Liberal evangelist Tony Campolo and his wife Peggy have publicly debated homosexuality for years, he usually somewhat defending the biblical stance, while she urged acceptance of homosexual practice. They brought their debate to the Wild Goose Festival in June outside Durham, North Carolina.
Both Campolos assume that “sexual orientation is not a choice and there is little likelihood that a person can change.” At the Wild Goose, a festival for liberal Christians, they highlighted their divergent views on scriptural references to homosexuality and their personal experiences with the “lesbian-bisexual-gay-transgender-queer” (LGBTQ) community.
The scriptural arguments against homosexuality often center on St. Paul’s writings in the first chapter of Romans. Tony recalled: “I read [these verse] conservatively; I respect Paul and believe he was inspired by the Holy Spirit, and when I read that passage, I say, that precludes same gender erotic behavior…for people who are Christians.” But he did not end there, adding: “Two things: I make no prescriptions for anybody other than myself, that’s number one. Two, I think Christians need to consider this passage, and the last thing we have a right to do is to impose our personal convictions on the rest of society.” Seemingly he believes Christians must quietly submit to social whims on this issue.
Peggy agreed “that Paul was inspired to write these verses.” But she added: “I think he wrote them about the orgies in the Temple where Aphrodite was worshipped in the city where he wrote them, and they don’t have anything to do with my gay and lesbian friends who have long term committed relationships, and marriages where they are allowed to have them.”
Relegating Romans 1 to either relativism or superficial contextualism is at odds with the Church’s historic teaching, of course. St. Paul eloquently describes what happens when God is removed from society. The worship of the creation instead of the Creator is coupled with sexual impurity of all kinds as the climax of human sinfulness and depravity. The beauty of the Christian narrative is that humanity is not left to wallow but can trade a sinful nature for a holy one.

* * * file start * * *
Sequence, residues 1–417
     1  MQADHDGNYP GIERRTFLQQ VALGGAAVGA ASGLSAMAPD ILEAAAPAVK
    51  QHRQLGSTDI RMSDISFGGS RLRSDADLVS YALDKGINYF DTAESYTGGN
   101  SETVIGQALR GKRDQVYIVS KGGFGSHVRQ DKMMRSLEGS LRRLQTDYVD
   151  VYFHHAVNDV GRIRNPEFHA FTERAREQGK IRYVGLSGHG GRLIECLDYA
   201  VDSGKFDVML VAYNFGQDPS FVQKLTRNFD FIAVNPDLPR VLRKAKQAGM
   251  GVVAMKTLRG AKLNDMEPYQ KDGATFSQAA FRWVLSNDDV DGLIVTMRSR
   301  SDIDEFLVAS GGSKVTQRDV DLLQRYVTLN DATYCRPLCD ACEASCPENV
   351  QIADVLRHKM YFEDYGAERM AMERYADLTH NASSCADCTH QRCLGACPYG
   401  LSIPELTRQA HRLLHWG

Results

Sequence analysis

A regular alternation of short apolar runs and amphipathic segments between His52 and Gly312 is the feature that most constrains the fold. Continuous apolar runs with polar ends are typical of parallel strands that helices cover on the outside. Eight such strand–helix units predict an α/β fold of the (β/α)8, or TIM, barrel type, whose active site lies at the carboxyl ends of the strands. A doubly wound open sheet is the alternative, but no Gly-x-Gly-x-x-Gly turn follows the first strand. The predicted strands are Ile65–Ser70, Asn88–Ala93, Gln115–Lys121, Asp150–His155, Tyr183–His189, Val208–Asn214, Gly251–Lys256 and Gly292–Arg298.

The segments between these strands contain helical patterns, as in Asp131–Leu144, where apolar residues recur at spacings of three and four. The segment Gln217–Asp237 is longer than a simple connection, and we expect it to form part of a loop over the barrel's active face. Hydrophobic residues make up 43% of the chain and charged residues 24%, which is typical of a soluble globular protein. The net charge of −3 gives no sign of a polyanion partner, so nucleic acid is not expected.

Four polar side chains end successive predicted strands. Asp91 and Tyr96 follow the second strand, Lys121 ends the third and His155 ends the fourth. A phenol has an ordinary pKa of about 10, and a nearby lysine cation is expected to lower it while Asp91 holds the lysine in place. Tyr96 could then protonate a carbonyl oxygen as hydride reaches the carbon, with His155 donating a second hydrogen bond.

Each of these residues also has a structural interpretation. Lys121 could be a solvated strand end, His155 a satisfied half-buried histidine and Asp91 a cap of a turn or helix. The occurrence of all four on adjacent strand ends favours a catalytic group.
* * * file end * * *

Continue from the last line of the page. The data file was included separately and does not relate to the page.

Leaving aside St. Paul’s position on human depravity, Tony asserted Jesus never addressed homosexuality but did talk about divorce. “I don’t know of a church, well there probably are churches that would not accept divorced and remarried people,” he said. “I mean we’ve gone beyond that, haven’t we….and the church has gradually come to the point where it has accepted divorced and remarried people, even in the pulpit. The question is, and it’s a heavy one. If the church can be so gracious to people who are divorced and remarried, can it not be so gracious to people who are in sexual relationships that Jesus never even mentioned?” Maybe Tony should recall that fellow Baptist preacher Charles Spurgeon warned about the “down grade” church that submits to the world and gets lost in it.
Having diminished scriptural authority, the Campolos described their experiences with self-avowed homosexuals who suffer persecution. Tony shared his often repeated story of a “gay guy in my high school named Roger, and we humiliated him at every turn. In PE he was always afraid to go into the showers in PE because he was afraid of what might happen to him, and when he did take his turn when he got out we would wait and whip him with our wet towels and sting his little naked body. And I wasn’t there the day that 5 guys took him into the shower and while he curled in the fetal position, the guys, in contempt for his sexual orientation, urinated all over him. I wasn’t there when that happened. He went home, and they say he went to bed that night at about 10, and they estimated it was about 2 in the morning when he got up and he went into the basement of his house, and he hung himself.”
Of course, The Church is supposed to oppose all human degradation while also upholding its call to holiness for all persons. But rather than explain this nuance, Tony’s story was aimed at emotionally compelling Christians to compromise The Church’s teaching about sexual purity. The Campolos have been giving this talk for more than 15 years. Although Peggy’s views have changed very little, Tony has edged away from the biblical position on this issue. And seemingly for both, emotional experiences increasingly are the measure of truth rather than Scripture.